Despite being way past the age of birthday bragging (and steadfastly making every effort to keep the facts surrounding it on the DL), I nevertheless wake up early on my birthday. It doesn’t hurt that it usually falls somewhere within Thanksgiving break time, so the atmosphere is already festive. Even better, the weather promised to be unseasonably mild, so we were up super early and in the car by 7am. Driving through the early morning fog and drinking our coffee, we browsed through our podcast lineup and chose a Tim Ferriss one called “The Tattooed Heretic of Wine and Whiskey.” (http://fourhourworkweek.com/2015/10/05/richard-betts/) That would be Richard Betts (http://myessentialwine.com/about/). Betts is one of nine master sommeliers who passed the exam on his first try. In spite of this feat, he takes the snobbery out of oenology, which this philistine appreciates.
Betts was the sommelier at the Little Nell in Aspen (https://www.thelittlenell.com/dining/element-47/wine), whose wine cellar we were lucky enough to tour a few years ago (thanks, Maureen Poschman), albeit after Betts’ tenure. His anecdotes are humbling (he once mistakenly mixed two very expensive wines together during a tasting and learned an important lesson about grace when the amused patron let it slide), his advice simple but educational (“Taste, taste, taste!”) and when asked why he thinks extremely successful people aren’t happy, he replied, “Misplaced goals.” That stuck with me. By the time we pulled into our driveway, I had a list of wines, books and people he’d suggested typed into my phone.
Misplaced Goals. One aspect of our lives where we are certain this does not apply is our weekend home. We improve upon it incrementally (read: when we can afford it), and this bit-by-bit, step-by-step system keeps us excited, interested, humbled and happy. When Bertrand asked what I wanted for my birthday, I told him I’d love my mother’s antique hoosier cabinet re-painted. She bought it at some antique shop in the Seventies and it held a prominent spot in our family room until Dad died in 2005. I put dibs on the cabinet, only to move it to our barn in Connecticut, where it sat freezing (or sweating), gathering spider webs and mouse poop for three years. When we moved to Massachusetts, the house had a corner in the kitchen seemingly made for the cabinet, which slid gingerly in, with hardly a fraction of an inch to spare. But the constant discovery of red chips in every soup bowl, highball glass and mug led Bertrand to plan his birthday secret, which I sort of spoiled when I requested exactly what he’d already arranged. But doesn’t she clean up well?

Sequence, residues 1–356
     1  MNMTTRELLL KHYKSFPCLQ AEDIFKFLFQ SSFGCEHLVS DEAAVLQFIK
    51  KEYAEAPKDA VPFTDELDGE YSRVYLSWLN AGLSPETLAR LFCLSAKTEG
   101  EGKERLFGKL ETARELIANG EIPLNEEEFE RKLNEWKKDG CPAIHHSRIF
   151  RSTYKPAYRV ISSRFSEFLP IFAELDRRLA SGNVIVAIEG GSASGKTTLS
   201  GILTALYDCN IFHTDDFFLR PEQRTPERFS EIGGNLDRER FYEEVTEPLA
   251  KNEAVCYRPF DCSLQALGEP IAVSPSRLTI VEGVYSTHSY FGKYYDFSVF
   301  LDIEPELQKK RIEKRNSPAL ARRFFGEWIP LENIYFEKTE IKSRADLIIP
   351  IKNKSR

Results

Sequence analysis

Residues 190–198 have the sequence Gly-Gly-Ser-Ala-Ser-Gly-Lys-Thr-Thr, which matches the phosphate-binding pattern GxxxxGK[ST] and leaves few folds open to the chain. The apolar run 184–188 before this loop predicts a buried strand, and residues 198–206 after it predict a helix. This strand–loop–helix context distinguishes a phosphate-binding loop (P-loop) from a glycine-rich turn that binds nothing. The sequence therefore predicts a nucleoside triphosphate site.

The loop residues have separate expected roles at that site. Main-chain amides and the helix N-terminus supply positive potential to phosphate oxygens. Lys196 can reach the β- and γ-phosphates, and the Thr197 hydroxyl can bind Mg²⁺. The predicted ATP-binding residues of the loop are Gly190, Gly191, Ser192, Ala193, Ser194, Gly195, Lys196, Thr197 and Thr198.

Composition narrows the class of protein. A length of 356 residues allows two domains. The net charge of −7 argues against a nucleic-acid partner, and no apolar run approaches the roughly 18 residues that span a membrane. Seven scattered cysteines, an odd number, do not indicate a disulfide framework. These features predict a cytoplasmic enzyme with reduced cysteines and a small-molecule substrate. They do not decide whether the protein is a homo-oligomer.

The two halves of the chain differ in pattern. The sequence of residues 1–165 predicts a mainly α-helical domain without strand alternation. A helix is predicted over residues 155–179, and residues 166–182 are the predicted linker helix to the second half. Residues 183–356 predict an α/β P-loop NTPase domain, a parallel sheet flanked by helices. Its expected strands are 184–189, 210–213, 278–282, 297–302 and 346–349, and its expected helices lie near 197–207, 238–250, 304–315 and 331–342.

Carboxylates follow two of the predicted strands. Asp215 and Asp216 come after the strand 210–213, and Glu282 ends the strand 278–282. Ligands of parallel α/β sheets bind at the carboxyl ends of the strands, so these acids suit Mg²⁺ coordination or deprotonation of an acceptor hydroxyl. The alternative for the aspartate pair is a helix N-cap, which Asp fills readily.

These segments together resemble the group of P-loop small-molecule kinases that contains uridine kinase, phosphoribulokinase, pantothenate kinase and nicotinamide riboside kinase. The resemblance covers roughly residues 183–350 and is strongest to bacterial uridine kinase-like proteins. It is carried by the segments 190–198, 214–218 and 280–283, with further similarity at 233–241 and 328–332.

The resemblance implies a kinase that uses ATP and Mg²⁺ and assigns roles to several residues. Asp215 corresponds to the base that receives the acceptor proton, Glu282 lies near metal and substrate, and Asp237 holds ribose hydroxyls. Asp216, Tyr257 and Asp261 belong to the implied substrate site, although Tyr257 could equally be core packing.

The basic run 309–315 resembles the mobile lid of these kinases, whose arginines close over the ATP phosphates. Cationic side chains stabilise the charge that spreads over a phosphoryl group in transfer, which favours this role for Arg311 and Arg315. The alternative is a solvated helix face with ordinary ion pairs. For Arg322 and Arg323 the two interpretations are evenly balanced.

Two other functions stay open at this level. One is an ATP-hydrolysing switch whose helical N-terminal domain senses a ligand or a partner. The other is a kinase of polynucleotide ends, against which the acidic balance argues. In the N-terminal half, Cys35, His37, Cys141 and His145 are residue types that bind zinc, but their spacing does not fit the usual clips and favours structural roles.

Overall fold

Like seemingly most of Tim Ferriss’ podcast guests, Betts is a devoted exerciser. He works out 5-7 days a week. (There goes my Ferriss invite!) I’m more of the two days a week of 3-4 mile leisurely hikes, dotted with the incremental 1-2-mile mid-week midtown walk. Does that qualify as interval training? And let us not forget the great arm work involved in the mid-hike timer selfie.
But back to the topic at hand: wine. Bertrand is very interested in wine. I, sadly, never learned. When friends were being educated on tannins and rich cabs at Windows on the World in the Eighties and Nineties, I was focusing on learning my lines at community theatre instead. And now, when Bertrand lingers in the wine section at Guido’s grocery store, I’m waiting for him at checkout, sort of patiently tapping my foot. The topic just seems too vast and insurmountable to me at this point. It’s like ninth grade trigonometry: I bet I would have enjoyed it had I paid attention in class, but I started day-dreaming about boys instead, fell behind week after week, then ultimately drowned with a very poor grade to show for it.
But Betts has given me newfound optimism. He suggests focusing on a country or type of wine, then immersing and educating yourself on it. Ok, then! Why not start with Shiraz, since that’s what our friends Bruce and Betsy brought to the Old Inn on the Green at dinner (http://oldinn.com/) later that night.
“It’s my birthday!” I exclaimed when we bumped into them on our way inside. “Join us!” After reassuring them that this serendipity was not interrupting a romantic dinner, Bruce excused himself, only to return ten minutes later with a bottle of Hundred Acre 2009 Shiraz (https://www.hundredacre.com/content/index.html). After James, our sommelier poured it, I tapped my mental Betts handbook, tilted my glass away and read its tears (aka legs). The rich, slow film it begat looked promising. Then I took a sip. It was the best wine I ever tasted.
While my tenderloin and Bertrand’s salmon nearly matched the Shiraz, the conversation beat both. We’ve had Betsy over plenty of times for dinner, and she’d brought Bruce to our latest Summer blowout, but it’s tricky to enjoy a decent conversation when the crowd is large. It’s downright impossible when you’re the hosts. This night made us appreciate the simple pleasures of a balanced conversation with another couple with whom you can share stories of parenting, Berkshire local politics and, well, wine.
“Oh, I don’t know anything about wine,” shrugged Bruce. “I just know what I like. And I’m lucky enough to have a guy who knows, too.”
Know what you like. I can see Richard Betts nodding his approval.
When we got home later that night, Bertrand checked the wine label with his Vivino app. He handed me his phone with a smile. “$349.98.”
We pulled out our fancy stationery and wrote our thank-you note then and there.